Orthopaedic implants provide orthopedic surgeons with a way of precise bone fixation. There are various uses orf orthopedic implants in numerous fractures. They also play a usually supportive part of treatment, fracture healing, and reconstructive surgery (osteosynthesis and improvement in degenerative diseases). However, implants aren’t appropriate to replace normal body structures or bear the weight of the body (see product-specific instructions).
Choosing an Implant/Indications
While treating traumatic and/or degenerative skeletal changes, consider the following points:
Choosing the implant. It is of supreme importance to choose the appropriate implant. The improvement for success possibility increases by selecting the orthopedic implant of right size and shape. The features of human bone and soft tissue pose limits to the size and strength of ortho implants. No partial weight-bearing or non-weight-bearing product may be predictable to withstand the full and unsupported weight of the body. However, if it is to attain a strong bone union, the patient requires acceptable external assistance. Similarly, the patient must limit physical activities that would give stress upon the implant or allow movement at the site of fracture and therefore delay healing.
Factors related to a patient. A number of patient-related aspects have a strong effect on the success of surgery:
a) An obese or overweight patient may place a lot of stress on the product such that it may fail, even perhaps reversing the results of surgery.
b) Occupation or activity. Professional occupations cause a risk when external forces subject the body to considerable physical loads. This may cause the product failure and even undo the successes of surgery.
c) Mental illness, senility, or alcoholism. These situations can cause the patient to ignore certain essential limitations and precautions, resulting in product failure or other complications.
d) Certain degenerative diseases & smoking. In some instances, degenerative disease can be so advanced while implantation that it can considerably reduce the expected useful life of the ortho implant. In such cases, the products serve only to delay or momentarily relieve the disease.
e) Sensitivity to foreign bodies. When hypersensitivity to the material is assumed, suitable tests should be undertaken before choosing or implanting the material.
Accurate handling of the implant is extremely essential. If the implant shape must be altered, the device shouldn’t be bent sharply, bent backward, notched, or scratched. Such manipulations, in addition to all other inappropriate handling or misuse, may cause surface defects and/or concentrate stress within the core of the orthopedic implant. This, in turn, can ultimately cause the product to fail.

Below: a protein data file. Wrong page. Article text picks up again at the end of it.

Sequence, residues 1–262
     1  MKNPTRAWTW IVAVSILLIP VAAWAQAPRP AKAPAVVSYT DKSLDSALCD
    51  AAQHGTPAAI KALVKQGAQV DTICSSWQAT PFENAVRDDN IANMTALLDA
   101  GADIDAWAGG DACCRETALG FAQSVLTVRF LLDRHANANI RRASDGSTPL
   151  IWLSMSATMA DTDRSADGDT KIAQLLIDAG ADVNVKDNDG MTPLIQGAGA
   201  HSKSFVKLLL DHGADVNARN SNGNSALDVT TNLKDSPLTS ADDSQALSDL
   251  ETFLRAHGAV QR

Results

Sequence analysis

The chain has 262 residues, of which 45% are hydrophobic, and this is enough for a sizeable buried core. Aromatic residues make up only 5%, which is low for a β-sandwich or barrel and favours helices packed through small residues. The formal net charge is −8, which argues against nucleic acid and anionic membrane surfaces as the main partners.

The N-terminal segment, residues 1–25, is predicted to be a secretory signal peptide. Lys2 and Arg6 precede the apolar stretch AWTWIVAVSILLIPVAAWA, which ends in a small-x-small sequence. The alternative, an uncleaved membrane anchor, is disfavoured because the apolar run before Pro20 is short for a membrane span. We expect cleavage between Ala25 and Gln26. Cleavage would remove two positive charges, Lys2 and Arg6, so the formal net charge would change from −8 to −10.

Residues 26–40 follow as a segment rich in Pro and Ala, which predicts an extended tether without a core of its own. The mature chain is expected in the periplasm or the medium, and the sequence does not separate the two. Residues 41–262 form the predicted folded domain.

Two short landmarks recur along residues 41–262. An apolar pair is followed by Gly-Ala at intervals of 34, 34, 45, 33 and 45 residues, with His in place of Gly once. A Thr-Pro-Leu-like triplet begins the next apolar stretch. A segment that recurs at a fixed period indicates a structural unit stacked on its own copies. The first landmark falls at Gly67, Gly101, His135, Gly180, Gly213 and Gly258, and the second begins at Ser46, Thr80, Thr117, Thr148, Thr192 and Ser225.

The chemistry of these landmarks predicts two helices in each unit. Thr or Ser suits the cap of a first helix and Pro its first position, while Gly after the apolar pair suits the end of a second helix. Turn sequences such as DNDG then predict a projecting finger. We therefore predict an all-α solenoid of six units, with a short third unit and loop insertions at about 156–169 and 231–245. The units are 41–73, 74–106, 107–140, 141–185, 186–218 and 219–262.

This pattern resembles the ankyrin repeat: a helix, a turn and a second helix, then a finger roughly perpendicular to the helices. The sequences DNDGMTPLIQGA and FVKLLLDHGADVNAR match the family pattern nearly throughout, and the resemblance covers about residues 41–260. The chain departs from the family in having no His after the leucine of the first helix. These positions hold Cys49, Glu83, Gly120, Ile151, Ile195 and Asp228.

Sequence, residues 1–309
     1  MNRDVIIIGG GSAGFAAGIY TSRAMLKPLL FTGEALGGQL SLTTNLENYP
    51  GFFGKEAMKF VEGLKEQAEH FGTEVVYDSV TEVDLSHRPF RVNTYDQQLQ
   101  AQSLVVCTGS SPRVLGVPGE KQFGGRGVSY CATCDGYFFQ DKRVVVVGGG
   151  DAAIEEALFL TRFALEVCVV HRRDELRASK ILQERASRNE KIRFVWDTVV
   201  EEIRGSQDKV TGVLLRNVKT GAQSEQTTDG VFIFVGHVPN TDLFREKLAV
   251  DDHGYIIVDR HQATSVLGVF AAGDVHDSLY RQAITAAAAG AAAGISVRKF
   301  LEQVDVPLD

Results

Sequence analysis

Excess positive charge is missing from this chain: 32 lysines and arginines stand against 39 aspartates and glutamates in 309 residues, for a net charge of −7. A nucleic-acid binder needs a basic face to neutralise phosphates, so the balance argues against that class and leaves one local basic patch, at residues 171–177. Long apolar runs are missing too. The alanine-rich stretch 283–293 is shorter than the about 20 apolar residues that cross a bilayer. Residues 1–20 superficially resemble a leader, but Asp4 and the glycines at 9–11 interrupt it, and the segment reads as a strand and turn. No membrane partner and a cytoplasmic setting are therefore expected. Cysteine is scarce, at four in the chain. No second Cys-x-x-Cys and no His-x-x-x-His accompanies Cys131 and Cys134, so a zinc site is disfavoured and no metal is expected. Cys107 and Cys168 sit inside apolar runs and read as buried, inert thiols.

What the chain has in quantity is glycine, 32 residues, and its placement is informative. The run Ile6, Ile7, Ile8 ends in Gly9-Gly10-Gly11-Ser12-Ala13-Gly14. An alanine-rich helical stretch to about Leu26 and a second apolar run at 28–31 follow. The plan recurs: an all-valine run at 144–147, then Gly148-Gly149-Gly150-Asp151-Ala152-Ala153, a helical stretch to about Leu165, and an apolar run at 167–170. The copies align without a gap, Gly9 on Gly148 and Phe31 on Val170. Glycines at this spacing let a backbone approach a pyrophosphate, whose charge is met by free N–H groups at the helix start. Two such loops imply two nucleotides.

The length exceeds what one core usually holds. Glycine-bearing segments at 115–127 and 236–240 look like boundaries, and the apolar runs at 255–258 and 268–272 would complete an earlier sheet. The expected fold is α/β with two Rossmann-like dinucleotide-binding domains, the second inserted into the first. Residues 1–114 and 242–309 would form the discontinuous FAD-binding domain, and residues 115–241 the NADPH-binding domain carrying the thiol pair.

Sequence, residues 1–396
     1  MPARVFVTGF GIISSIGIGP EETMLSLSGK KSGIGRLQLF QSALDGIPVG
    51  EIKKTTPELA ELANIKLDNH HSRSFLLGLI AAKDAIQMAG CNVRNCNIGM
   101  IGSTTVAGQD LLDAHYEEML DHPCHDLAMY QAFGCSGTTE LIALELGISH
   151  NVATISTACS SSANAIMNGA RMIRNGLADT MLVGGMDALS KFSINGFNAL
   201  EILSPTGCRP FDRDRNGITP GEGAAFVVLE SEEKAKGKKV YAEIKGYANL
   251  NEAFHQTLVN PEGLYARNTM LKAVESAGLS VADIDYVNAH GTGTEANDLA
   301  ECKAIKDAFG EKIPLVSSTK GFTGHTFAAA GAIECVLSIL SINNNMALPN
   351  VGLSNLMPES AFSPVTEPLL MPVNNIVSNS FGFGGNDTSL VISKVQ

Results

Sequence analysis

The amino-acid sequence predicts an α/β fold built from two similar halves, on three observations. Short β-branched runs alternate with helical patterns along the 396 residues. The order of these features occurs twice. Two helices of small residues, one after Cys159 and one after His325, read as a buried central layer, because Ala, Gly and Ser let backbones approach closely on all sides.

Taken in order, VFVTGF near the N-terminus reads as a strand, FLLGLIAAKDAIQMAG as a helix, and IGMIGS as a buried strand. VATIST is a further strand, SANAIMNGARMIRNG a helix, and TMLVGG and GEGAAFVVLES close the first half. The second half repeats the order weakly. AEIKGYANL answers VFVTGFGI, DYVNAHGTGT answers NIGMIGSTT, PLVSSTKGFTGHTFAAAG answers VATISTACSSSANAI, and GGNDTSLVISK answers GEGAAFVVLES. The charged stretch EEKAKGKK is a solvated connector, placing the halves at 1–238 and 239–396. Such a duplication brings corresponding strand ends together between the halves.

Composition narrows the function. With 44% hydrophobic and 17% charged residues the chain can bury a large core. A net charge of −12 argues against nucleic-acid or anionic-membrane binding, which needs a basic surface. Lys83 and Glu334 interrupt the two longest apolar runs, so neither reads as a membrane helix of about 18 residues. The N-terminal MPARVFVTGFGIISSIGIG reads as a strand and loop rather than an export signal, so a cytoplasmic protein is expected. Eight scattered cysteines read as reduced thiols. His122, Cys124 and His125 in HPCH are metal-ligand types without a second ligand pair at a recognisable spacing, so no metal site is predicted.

Post-operative care is necessary.
Physicians should update their patients about the load restrictions of implants and provide a plan for postoperative behavior as well as increasing physical loads. Failure to do this may generate malalignment, failure of the implant, delayed bone healing, thrombophlebitis, infections, and/or wound hematomas.
Removal of the osteosynthetic product.
While the physician makes the concluding decision on when to remove the implant, it’s wise – if possible and suitable for the individual patient – to remove fixation products after the process of healing is complete. This holds true mainly for young and active patients.
It is important to follow the product-specific instructions for usage. It’s not advisable to mix products of one manufacturer with those of different manufacturers since designs, mechanics, materials, and construction are not harmonized. Manufacturers assume no liability for any complications arising from mixing components or from utilizing foreign instruments. If not otherwise mentioned, it’s not recommended to mix different orthopedic implant metals. Mixing of metals can lead to galvanic corrosion and a release of ions. This can cause an inflammatory response, metal sensitivity reactions, and/or detrimental systemic effects for the long term. Moreover, the corrosion process may reduce the implant’s mechanical strength.
Information & qualification. Surgeons should be completely aware of the intended usage of the products and the applicable surgical techniques, and they should be qualified by suitable training (for instance, by the Association for the Study of Internal Fixation, AO).
Potential Risks: –Failure of the implant from choosing the wrong implant and/or overloading the osteosynthesis – Allergic reactions from the incompatibility of material– Delayed healing from vascular disturbances – Pain triggered by the orthopedic implant.
MRI (Magnetic Resonance Imaging) – When a device has been evaluated for usage in the MR environment, MRI information are found in the instructions for use.